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Marcia Butler – When Things get Tough

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I know many of you are working on memoirs and novels that require years of dedication. In a world filled with distractions and discouragement, I offer you a moment with Marcia Butler to refuel and refocus.

Marcia is an oboist, a filmmaker, a memoirist, and now a novelist. She has fought depression and addiction to create a life filled with extraordinary art and extraordinary artists. Her newest book (Pickle’s Progress, out last week!) is a story of identical twins–equally reckless and vulnerable–struggling to figure out what they want from life. Check it out, as well as her poignant, lyrical memoir, The Skin Above My Knee, about her 25 years as a professional musician.

But today she is here with some hard-earned wisdom just for you…

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My Lovelies,

Sit at your computer for ten minutes. You can endure almost anything for ten minutes.

In the event that you do not produce words, sit there for another five minutes. This is meant as punishment. But you might write something, in which case, view it as a gift.

Proceed to the next task in the event that you do, or do not, produce words.

Take a bath. Bubbles are preferable. Gandhi believed in restorative ablutions. I think. (Or maybe that was a commercial I saw in the 80’s.) In any case, this bath is meant as a reward for having produced words. It is a one-time only avoidance tactic for those who did not produce words.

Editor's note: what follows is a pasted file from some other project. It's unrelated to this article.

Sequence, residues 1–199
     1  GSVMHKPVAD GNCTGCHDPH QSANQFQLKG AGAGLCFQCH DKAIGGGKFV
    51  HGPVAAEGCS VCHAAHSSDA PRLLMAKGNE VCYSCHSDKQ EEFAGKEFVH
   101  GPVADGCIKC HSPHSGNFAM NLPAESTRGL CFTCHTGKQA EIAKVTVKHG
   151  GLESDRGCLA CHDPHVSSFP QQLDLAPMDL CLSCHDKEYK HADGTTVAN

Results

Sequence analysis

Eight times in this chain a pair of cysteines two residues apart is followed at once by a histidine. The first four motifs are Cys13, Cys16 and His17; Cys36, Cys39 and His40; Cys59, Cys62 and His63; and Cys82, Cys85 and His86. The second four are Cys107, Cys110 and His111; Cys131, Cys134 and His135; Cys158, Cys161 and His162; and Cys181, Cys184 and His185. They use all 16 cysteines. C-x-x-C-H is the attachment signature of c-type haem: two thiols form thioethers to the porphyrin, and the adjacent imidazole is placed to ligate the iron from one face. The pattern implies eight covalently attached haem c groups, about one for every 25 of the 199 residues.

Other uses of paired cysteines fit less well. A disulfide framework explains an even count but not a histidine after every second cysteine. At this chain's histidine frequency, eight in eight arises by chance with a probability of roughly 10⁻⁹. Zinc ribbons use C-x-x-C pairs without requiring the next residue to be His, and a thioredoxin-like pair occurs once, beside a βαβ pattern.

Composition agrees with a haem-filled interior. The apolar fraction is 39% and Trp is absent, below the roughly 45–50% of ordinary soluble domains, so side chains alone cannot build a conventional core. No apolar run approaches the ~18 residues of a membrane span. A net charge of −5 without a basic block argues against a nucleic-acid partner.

Towel off. Get dressed. Notice how awful your nails look. Get your emery board out and file the nails, followed by washing the hands. Then apply lotion. Understand that this whole nail thing is also procrastination.

Resume sitting at your computer.

Think about your novel/story/essay. Read through what you last wrote (maybe this was months before, though maybe it was yesterday) and decide whether you will produce new material or edit what you already have. Strongly err on the side of producing new material. If you do this, you will feel better. If you decide to edit (against suggestion) you will feel fine, but not as good as when you produce new words.

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In either case, work for thirty minutes.

At the end of thirty minutes (regardless of whether you actually produced words or edited old words, or did neither) you will have an overwhelming desire to check email/social media (if you have not already done so during the thirty minutes you were, or were supposed to be, writing.)

Think about this deeply for seven seconds. Do not give in to this urge. It is the devil.  When you dogive in, go ahead and feel moderately awful.

Wonder briefly whether you are a grown up or an addict.

Decide you are a grown up. Install Freedom (or like program) on your computer and lock yourself out of all internet for the preset time you have given yourself to write.